This photograph was captured in approximately 1900 and depicts the on site nurses homes. During the 1880s, these detached cottages were constructed and provided accommodation for the staff (in this case, the nurses) who lived within the hospital walls. Within the image are weatherboard buildings, a number of nurses and water tanks.
Beechworth's Mayday Hills was chosen as the site of Victoria's newest asylum, at the time, due to the landscape and altitude. The hilltop atmosphere and the native fauna, it was argued, would assist in the cure of the patients kept at the hospital (Wood 1985, 122). The positioning of the hospital had a beneficial effect on the rural town. A pamphlet published by James Ingram and Son (1849) reveal that famous landmarks in Beechworth which included the Post Office, Gaol, Courthouse and Asylum "demonstrate the appreciation of Beechworth by the Government not only as as important district center, but also as a site unrivaled as a sanitarium". There were other locations in contention at the time, but ultimately Beechworth was chosen (Craig 2000, 33).
Prior to the creation of the Asylum in Beechworth, those charged with having mental illnesses or, as it was termed, "insanity" were unable to be properly cared for in the Gaol (which is where they were often sent). John Buckley Castieau wrote, in 1861 for the Ovens and Murray Advertiser, that the Gaol was unable to properly care for those classified then as "insane" but that they would endeavor to treat them above the other inmates (which he notes is not always the case in other establishments). Castieau wrote this in favour of supporting the building of the Mayday Hills Hospital in Beechworth. It was stated that at the time the Mayday Hills Hospital was built, there were 83 prisoners kept in the Gaol who were to be rehoused to the Hospital on the grounds of "insanity". The classification as someone as "insane", in this period of time is a reflection on the inability to cure and understand illnesses of the mind during the mid to late 1800s.
Opening on the 24th of October 1867, the Mayday Hills Hospital was originally named the "Ovens Lunatic Asylum", a title which is very much a product of its time. Whilst controversial, changes to the name is part of the history of the Hospital and can provide much insight into the understanding of mental illness throughout history and the use/disuse of this term provides information into the reception/changing opinions of mental illness in society. The Hospital would later become known as the "Mayday Hills Asylum" and/or "Mayday Hills Hospital" with the latter being the most commonly used title. An article in the Ovens and Murray Advertiser notes that on the 7th of March 1865, the foundation stone of the Hospital was laid (it would officially open in 1867) and that it was such a moment of accomplishment and joy for Beechworth that a letter to the editor even suggested that there should be a holiday dedicated to the day the foundation stone as laid. This reveals an extent to which the townspeople of early Beechworth valued the construction of the Hospital in their town. It provided the town with a sense of prestige and honour.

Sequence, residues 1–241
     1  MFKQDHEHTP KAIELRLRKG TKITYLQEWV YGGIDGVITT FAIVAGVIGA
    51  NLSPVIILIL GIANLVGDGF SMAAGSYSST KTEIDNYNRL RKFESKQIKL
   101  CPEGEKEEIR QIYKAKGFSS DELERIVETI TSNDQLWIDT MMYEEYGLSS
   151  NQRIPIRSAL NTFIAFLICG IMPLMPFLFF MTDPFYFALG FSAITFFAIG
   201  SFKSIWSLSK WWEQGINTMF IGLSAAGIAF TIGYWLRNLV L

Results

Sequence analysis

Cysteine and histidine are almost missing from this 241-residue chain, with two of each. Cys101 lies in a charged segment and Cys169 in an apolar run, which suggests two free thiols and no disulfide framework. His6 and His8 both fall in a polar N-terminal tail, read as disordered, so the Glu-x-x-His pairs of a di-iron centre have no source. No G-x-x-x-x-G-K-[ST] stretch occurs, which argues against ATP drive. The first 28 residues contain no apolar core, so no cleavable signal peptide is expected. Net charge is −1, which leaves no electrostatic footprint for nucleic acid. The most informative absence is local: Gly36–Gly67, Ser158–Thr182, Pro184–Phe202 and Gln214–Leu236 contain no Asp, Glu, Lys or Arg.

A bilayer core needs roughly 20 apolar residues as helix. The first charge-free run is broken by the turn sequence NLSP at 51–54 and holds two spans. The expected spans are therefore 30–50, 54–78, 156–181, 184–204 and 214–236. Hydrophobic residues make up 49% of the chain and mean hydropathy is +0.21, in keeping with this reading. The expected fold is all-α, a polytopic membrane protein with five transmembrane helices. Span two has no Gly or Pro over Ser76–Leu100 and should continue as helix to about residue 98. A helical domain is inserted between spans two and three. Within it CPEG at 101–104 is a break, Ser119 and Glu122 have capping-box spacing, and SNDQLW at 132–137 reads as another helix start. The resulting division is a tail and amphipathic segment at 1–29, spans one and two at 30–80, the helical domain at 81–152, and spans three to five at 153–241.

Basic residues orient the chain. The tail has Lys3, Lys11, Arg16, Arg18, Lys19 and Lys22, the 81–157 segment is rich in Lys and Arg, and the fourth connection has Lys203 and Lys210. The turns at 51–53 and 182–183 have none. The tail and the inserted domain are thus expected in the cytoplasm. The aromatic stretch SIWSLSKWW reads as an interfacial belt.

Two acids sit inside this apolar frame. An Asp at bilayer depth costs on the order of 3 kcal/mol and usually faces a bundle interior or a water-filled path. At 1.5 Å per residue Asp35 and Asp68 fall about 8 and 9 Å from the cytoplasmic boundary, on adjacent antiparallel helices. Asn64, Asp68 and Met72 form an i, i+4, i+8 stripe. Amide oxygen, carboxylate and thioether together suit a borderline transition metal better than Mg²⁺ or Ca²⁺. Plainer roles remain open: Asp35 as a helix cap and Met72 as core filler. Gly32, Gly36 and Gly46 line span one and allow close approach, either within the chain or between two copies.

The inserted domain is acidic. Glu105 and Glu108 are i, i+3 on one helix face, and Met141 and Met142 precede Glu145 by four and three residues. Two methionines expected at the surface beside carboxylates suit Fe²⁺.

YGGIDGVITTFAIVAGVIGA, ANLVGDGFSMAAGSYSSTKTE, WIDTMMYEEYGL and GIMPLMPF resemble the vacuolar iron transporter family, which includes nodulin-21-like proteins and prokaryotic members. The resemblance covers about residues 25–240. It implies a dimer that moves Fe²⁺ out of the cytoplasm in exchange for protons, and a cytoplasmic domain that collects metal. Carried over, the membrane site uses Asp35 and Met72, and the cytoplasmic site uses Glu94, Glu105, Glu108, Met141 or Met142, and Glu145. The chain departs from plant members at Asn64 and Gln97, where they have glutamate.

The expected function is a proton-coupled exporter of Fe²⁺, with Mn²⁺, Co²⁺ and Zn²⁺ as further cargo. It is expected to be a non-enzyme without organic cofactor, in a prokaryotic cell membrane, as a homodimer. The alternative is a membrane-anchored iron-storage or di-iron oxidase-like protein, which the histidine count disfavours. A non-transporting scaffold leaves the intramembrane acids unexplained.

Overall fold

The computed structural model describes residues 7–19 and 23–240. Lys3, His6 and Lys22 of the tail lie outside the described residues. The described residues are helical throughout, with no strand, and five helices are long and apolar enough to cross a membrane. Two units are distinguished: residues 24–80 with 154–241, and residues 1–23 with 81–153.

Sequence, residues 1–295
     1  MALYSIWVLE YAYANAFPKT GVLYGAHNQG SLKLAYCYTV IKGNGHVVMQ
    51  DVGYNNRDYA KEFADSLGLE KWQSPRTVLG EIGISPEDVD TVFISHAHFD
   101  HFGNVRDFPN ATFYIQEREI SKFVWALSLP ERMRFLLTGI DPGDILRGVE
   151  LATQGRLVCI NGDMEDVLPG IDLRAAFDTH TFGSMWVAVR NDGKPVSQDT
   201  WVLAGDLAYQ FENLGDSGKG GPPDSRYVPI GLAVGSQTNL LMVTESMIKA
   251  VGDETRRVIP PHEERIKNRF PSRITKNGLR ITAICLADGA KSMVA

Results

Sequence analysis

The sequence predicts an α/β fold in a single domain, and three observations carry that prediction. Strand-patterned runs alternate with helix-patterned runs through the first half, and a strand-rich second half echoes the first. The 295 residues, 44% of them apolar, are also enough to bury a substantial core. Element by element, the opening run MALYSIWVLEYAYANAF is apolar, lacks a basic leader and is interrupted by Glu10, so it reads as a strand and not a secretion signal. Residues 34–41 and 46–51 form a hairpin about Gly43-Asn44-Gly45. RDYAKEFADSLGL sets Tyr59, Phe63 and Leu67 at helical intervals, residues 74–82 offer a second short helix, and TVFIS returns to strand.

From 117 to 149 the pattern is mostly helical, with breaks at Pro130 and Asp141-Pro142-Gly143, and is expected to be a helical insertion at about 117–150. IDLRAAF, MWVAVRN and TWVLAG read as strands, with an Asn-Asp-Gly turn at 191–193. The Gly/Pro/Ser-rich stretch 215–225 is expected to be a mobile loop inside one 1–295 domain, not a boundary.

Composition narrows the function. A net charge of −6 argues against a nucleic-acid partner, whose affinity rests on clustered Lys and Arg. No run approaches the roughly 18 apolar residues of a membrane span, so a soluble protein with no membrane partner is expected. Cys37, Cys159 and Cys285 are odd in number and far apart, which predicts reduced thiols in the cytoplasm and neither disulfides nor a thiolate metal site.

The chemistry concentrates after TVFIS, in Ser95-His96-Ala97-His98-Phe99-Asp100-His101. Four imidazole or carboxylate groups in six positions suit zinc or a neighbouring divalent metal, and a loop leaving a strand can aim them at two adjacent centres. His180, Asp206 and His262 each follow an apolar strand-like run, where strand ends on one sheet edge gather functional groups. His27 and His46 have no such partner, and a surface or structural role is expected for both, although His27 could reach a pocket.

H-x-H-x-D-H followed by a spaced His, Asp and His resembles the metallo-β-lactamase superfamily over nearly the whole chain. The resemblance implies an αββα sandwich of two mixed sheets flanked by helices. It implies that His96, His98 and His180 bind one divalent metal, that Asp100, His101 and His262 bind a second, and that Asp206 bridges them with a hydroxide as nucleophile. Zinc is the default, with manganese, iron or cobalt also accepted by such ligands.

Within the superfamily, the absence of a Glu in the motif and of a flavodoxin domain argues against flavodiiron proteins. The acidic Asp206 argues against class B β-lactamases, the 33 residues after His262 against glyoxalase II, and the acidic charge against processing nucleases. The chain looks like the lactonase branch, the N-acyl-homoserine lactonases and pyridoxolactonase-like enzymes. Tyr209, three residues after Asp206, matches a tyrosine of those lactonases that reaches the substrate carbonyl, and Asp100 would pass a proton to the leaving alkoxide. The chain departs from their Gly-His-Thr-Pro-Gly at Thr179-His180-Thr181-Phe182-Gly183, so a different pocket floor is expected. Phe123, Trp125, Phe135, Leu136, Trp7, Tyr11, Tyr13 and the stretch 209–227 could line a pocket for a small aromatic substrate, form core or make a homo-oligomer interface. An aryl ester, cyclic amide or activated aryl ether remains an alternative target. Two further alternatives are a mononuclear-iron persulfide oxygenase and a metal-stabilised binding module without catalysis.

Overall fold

At first glance, the remains of the Mayday Hills Hospital in Beechworth, Victoria, inspire tragedy, trauma and beauty. The buildings themselves, with their Italianate style Renaissance architecture designed by J.J. Clark (Craig 2000, 49 & Smith 2016, 203) reflect a bygone period of European and Australian history. The gardens provide a sense of tranquility and beauty. The experience of those within these walls remains a valuable area of study to provide a more complete understanding. This particular hospital is considered the fourth of its like and one of three identified as the largest of their kind. The Mayday Hills Hospital is a sister to the Kew and Ararat Asylums in Melbourne which are both located in relative proximity.
Understanding the role of the Mayday Hills Hospital in Beechworth history is integral to understanding the development of the goldfields town, but also for providing important information as to the history of caring for, and the reception of, mental illnesses in Australian and wider European history. Mayday Hills provides a case study which can be researched through oral history, an analysis of the grounds/buildings and through images like these. Images like these depict the strong façade of the Hospital and provide a glimpse into the tranquility of the gardens. This has been done deliberately to provide a sense of comfort and healing about the building to those looking from the outside. Further research into the importance of the Hospital in Beechworth and it's connection to the town will be supported through images like these kept in the Mayday Hills photo album in the collection of the Burke Museum.
Black and white rectangular photograph printed on photographic paper mounted on card
Inscriptions & markings
"Early nurses quarters, Beechworth Mental Hospital, now May Day Hills Hospital."